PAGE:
Just like the victimized child on a playground wants to be the bully, the victimized adult in the Capitalist arena of combat wants to possess the social power of the wealthy elite, so we recreate our own social arenas with some ideal that we control as the gateway to elitism. Elitism is an abstract concept embraced by a group of people, not persons in themselves per se. Elitism is the vanguard of an idea peculiar to that particular group. Persons, in so far as they are regarded as the elite, are only considered as such because of their perceived embodiment of the elite idea.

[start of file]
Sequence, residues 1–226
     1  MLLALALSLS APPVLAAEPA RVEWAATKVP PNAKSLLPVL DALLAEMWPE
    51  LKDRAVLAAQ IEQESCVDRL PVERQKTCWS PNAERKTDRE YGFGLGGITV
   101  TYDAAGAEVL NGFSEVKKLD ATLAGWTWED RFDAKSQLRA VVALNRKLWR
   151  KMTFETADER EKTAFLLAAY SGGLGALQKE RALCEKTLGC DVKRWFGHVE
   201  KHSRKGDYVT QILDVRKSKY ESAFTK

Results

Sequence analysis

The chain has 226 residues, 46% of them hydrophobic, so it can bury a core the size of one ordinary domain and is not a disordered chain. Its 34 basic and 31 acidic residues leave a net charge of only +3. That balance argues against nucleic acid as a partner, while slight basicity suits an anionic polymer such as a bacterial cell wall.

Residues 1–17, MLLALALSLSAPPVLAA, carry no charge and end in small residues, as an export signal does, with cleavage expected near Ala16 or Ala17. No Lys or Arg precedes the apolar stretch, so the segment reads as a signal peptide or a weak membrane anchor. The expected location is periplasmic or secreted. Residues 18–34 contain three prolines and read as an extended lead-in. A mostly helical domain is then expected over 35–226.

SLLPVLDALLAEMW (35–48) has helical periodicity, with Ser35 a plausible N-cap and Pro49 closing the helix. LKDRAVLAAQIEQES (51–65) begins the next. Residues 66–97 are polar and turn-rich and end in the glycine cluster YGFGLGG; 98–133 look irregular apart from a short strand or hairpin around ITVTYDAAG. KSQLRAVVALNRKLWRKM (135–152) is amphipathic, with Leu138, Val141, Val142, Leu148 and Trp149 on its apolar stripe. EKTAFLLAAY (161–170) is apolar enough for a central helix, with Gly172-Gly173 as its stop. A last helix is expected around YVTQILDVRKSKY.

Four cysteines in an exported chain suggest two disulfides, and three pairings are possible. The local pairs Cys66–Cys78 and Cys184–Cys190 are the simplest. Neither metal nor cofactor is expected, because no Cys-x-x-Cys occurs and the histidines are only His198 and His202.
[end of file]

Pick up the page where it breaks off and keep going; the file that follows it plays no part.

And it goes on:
Elitism is dependent upon the cultivation of an exclusionary mindset. The intent of elitism is to exclude, not include. The more elitist an idea is, the greater percentage of society that is excluded by it. The more absurd and irrational an idea is, the more attractive it becomes as a tool of exclusion (one could hardly exclude many people if the elitist idea was that “the sun is shiny”, but a good number of people could be excluded if the idea was that kittens must be ritually raped and then disemboweled to please the nine-limbed satanic God of painful urination).